Always On Time - Ja Rule    Weeks on Chart: 13   Peak: #22 (March 2002)   buy it!
Jeff Atkins is ubiquitous these days. While Livin' It Up was still on the chart, Always On Time, the third chart hit from his Pain Is Love, crossed over from the R&B charts to the pop charts. Like Livin' It Up, Always On Time is lightweight and enjoyable. Ja Rule's rough vocal is again matched with a much more melodic voice. The music is easy and enjoyable with a relaxed beat, a good guitar riff and sweet vocals from Ashanti and background singers. Always On Time is pretty stupid, bragging about Ja Rule's talent as a lover("I got two hoes" "and I keep 'em drugged up off that ecstasy") while he apologizes for behavior that led to restraining orders and asks for another chance. Ja Rule's rapping skills are little more than competent but he and producer Irv Gotti have hit upon a successful formula. His voice adds edge but doesn't overpower his smooth, tuneful music.

Always - Saliva    Weeks on Chart: 25   Peak: #3 (Feb. 2003)   buy it!
Singing on the terrible but very popular Hero raised Saliva lead singer Josey Scott's profile. Hopefully, the mediocrity of the title track off Saliva's Back Into Your Sytem CD will return Scott to semi-obscurity. Always is a compendium of modern rock cliches. It's another song based on the Nirvana model from songs like Heart Shaped Box. A subdued verse with quiet guitar picking alternates with a chorus where power chords slam while the singer rants. Always also has a touch of the dark atmosphere and over the top paranoia of the Korn/Tool school though a better comparison may be Def Leppard's empty art metal. Always' "I love you, I hate you" lyric has the misogyny and self pity common in today's rock. I'm sorry Scott went through a tough time but I wish he wouldn't sing about it. Scott doesn't have a great voice and Always' "I'm out the door" but I "can't live without you" tale emphasizes his whininess. On Your Disease from Saliva's Every Six Seconds CD, Scott had cartoonish fun, mixing rapping with broad crooning. Always, like Hero, plays things painfully straight. Towards the end, Always shifts from stupid and annoying to objectionable as Scott introduces the image of a pistol "shakin' in my hand" threatening that he sees "blood all over your hands."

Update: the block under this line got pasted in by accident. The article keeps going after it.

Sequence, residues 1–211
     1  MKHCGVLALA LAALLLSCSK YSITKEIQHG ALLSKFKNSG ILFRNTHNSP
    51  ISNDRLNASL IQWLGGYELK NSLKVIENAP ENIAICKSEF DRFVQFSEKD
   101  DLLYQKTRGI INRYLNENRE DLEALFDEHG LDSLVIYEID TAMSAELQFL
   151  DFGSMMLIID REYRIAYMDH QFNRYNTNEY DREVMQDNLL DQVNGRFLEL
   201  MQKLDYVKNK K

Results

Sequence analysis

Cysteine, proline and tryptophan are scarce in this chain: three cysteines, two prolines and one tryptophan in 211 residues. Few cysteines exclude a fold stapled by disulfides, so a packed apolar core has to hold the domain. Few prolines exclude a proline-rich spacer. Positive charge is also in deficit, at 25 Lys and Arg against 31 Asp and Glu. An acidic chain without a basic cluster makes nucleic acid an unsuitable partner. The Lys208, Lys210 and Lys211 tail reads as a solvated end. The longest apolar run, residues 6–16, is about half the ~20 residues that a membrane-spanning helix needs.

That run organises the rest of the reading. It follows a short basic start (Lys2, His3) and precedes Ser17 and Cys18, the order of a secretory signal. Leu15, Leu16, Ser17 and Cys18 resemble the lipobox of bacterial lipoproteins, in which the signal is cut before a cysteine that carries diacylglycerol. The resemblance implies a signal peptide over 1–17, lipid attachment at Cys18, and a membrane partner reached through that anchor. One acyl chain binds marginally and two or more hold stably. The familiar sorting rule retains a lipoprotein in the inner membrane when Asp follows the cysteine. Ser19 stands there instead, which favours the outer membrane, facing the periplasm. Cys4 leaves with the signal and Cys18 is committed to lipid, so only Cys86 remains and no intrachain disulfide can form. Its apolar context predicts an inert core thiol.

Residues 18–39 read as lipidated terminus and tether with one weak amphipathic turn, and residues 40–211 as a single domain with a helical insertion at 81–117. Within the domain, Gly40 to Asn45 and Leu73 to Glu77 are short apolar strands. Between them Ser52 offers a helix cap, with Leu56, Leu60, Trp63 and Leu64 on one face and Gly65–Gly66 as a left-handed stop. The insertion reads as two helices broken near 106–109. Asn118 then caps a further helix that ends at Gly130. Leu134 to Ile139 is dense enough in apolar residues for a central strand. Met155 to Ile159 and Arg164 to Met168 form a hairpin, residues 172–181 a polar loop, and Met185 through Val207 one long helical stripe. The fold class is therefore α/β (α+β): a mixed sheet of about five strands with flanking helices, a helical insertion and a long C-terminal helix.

AM Radio - Everclear    Weeks on Chart: 5   Peak: #24 (Oct. 2000)   buy it!
Art Alexakis has sung about growing in a black neighborhod but his music has always been very white. For his most danceable single so far, rather than looking to contemporary hip hop, Alexakis borrows from Jean Knight's Mr. Big Stuff, a song from the early 70's when white and black music was more frequently heard on the same station. The lyrics claim that the time before VCRs, DVD and the internet was better. Alexakis' nostalgia is kind of sweet but it's also consistent with Everclear's general unwillingness to significantly alter their sound. That's not such a bad thing since their formula is likable. The band creates a good groove, with Greg Eklund's good drumming and catchy oscillating keyboards on the chorus. Still, on the Learning How To Smile CD, everything sounds like an Everclear song and that can be too much, especially on their cover of Brown Eyed Girl.

Amazed - Lonestar    Weeks on Chart: 9   Peak: #31 (April 2000)   buy it!